The Associated Press bargaining team on Wednesday told News Media Guild negotiators that its proposals on job security for the editorial and technology units are their best and final offers, barring any “significant compromise” from the union.
Both sides have been negotiating a rewrite to job security language for nearly a year, and the heart of the discussion all deals with layoffs. The Guild agrees that changes are needed to the current job security language, because in the past, senior employees facing layoffs have been offered jobs that weren’t at all comparable to what they were doing before. That led to the senior employee not passing a trial period and ultimately being laid off.
The Guild has agreed to many of AP’s proposed changes, including the creation of organizational units. Here is a breakdown of the current proposal:
SENIORITY AND LAYOFFS
No one “loses” seniority under this proposal – an employee with 30 years of experience today will have 30 years of service under the new proposal. The big difference is what happens during layoffs if a senior employee wants to bump a junior employee in a different organizational unit.
Hypothetically: A senior employee who works in U.S. News in Chicago wants to bump a junior employee who is a Health and Science newsperson in Chicago. If the senior employee had worked in Health and Science within the past five years, he or she would be deemed competent in the professional subject matter for the new job. If the senior employee can use the equipment and software needed for the new job, then he or she would get the new job.
The Guild has strongly objected to the so-called “five-year lookback rule.” AP says the news business is evolving quickly so some type of time constraint is needed.
It is important to note that employees wouldn’t be barred from a job in another organizational unit if they don’t have experience within the past five years. They could still get the new job if they can demonstrate professional competency in the subject matter of the new organizational unit. That can be demonstrated or described, based on past experience or outside education and training.
For layoffs within an organizational unit: an employee is considered professionally competent for all jobs within their classification in their organizational unit. (So a newsperson in Sports is considered professionally competent for all newsperson jobs in Sports.)
For many bureaus – especially those with only US News and Sports employees – the new proposal is very similar to current language.
Under current contract language, a senior employee who wants to bump a junior employee can be subject to a trial period. AP has sole discretion over whether an employee passes that trial period (and employees rarely pass.) AP says its new proposal is a big concession to the Guild because it gives employees an opportunity to exercise seniority rights without a trial period. However, AP would retain its right to sole discretion after an employee completes a four week training period in the use of technology.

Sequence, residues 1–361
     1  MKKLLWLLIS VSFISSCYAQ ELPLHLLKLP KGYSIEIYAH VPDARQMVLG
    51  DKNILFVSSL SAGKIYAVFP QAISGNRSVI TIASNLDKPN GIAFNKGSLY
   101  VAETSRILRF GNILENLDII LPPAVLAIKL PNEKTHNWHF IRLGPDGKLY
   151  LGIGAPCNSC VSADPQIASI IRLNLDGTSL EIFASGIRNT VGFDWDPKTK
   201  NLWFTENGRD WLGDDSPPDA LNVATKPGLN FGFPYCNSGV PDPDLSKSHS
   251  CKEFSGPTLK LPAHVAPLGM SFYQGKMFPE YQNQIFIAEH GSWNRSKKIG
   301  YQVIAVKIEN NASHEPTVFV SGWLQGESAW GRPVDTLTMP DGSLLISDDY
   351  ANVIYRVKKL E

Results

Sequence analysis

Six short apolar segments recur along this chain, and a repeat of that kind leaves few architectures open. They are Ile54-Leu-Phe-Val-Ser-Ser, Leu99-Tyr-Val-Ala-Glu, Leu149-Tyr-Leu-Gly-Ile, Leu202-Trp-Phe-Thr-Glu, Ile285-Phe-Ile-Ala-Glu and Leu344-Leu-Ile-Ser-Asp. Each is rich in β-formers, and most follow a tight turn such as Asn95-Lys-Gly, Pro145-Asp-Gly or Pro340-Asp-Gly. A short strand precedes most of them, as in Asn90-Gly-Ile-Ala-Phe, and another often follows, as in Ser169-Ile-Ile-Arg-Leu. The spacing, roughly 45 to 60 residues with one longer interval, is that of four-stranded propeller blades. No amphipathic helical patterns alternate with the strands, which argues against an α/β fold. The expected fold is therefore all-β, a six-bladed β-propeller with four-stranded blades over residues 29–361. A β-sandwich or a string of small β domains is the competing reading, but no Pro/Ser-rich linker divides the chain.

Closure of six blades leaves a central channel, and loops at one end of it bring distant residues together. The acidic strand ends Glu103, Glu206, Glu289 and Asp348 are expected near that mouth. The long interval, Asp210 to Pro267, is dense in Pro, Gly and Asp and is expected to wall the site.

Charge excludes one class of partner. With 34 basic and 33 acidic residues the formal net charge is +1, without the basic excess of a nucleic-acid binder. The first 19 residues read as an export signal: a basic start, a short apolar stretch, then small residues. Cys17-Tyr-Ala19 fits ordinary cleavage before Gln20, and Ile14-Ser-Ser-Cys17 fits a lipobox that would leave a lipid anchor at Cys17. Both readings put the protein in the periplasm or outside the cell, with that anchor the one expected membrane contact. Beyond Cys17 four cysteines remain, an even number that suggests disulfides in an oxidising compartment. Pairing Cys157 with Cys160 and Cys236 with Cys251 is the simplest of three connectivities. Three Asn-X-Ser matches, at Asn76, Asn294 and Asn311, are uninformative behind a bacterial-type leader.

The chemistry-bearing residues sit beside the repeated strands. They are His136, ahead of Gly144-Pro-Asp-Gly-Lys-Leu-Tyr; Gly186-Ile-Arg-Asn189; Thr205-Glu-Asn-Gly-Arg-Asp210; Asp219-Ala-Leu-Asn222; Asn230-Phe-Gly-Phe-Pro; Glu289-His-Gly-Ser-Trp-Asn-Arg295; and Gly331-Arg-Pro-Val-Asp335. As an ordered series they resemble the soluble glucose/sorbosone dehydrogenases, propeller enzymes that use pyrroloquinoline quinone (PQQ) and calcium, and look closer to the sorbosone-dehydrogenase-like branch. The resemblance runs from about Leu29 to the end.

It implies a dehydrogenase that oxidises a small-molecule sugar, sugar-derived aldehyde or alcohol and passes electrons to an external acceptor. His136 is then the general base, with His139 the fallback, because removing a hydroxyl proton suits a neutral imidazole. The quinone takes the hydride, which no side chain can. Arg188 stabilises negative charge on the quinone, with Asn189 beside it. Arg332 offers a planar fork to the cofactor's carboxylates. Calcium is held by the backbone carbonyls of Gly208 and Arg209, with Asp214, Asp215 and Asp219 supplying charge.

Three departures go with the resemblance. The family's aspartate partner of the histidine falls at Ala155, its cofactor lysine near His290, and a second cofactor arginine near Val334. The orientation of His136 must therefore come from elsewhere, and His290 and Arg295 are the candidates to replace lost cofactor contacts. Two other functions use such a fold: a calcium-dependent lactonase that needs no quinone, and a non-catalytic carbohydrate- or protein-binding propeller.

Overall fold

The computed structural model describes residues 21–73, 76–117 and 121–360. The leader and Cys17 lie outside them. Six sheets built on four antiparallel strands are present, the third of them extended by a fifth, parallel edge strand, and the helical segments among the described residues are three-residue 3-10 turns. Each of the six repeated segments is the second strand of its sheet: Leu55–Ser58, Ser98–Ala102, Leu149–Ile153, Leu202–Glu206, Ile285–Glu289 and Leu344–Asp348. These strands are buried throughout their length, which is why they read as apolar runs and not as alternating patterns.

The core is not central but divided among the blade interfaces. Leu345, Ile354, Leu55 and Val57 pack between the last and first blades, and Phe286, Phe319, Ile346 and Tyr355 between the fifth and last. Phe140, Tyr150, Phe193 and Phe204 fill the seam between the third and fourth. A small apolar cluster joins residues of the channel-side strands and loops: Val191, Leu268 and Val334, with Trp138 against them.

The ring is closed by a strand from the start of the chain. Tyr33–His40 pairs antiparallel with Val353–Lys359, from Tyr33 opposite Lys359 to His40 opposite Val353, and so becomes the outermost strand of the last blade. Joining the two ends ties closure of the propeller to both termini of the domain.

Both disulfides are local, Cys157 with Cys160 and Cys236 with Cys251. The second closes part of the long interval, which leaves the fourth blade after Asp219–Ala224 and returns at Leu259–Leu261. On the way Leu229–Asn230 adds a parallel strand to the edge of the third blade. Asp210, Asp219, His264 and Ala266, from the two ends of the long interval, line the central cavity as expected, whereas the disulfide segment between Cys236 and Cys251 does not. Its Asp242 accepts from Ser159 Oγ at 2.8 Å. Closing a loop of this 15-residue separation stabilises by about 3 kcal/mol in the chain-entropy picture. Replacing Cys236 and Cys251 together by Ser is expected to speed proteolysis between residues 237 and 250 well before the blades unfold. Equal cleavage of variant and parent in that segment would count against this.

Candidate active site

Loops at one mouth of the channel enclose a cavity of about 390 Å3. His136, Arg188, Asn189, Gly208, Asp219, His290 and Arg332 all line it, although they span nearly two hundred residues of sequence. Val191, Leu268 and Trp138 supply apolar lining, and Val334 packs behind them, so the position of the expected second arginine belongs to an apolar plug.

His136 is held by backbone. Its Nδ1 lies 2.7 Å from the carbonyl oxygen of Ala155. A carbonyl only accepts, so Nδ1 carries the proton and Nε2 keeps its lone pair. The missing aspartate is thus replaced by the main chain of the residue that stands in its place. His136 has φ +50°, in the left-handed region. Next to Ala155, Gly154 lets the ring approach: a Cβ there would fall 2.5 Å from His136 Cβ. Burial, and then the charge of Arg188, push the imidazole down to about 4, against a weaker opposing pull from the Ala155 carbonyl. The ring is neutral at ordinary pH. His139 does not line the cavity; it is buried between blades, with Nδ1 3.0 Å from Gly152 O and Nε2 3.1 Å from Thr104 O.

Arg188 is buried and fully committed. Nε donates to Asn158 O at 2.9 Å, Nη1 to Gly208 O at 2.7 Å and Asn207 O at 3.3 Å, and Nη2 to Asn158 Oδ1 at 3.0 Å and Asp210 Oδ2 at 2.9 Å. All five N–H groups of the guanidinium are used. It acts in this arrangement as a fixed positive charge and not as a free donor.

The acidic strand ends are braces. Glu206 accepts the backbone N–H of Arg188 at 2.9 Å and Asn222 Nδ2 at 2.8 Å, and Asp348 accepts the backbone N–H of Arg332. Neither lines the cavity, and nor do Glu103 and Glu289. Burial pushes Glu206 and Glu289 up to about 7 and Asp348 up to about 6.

Severance pay would remain unchanged (two weeks of pay for every year of service, plus an extra week). For some employees in the editorial unit, it would increase. If AP lays off an employee who is the only person in their organizational unit in their bureau, then that person would get additional severance that’s also granted to solo correspondents. That extra severance would be: an extra four weeks of pay for fewer than five years of service; an extra eight weeks of pay for fewer than 10 years of service; an extra 10 weeks of pay for fewer than 15 years of service; and an extra 12 weeks of pay for 15 or more years of service.
TECHNOLOGY UNIT CHANGES
Now, Global Help Desk and Customer Support employees have limited job security because they are not attached to any business location. This proposal would allow for seniority to be determined within the Global Help Desk and Customer Support organizational units, regardless of geographic location. TU employees who are on-site techs would be part of the US Field Operations organizational unit and would be subject to the geography-based seniority that is part of the current contract.
Bargaining resumes Thursday.
Representing the Guild were Jill Bleed of Little Rock, Vin Cherwoo of New York Sports, technician Dave Herron of Seattle and administrator Kevin Keane.
Representing the AP were Jessica Bruce, senior vice president for human resources and corporate communications; Alison Quan, director of human resources, technology and business operations; and Steve Macri, AP’s attorney.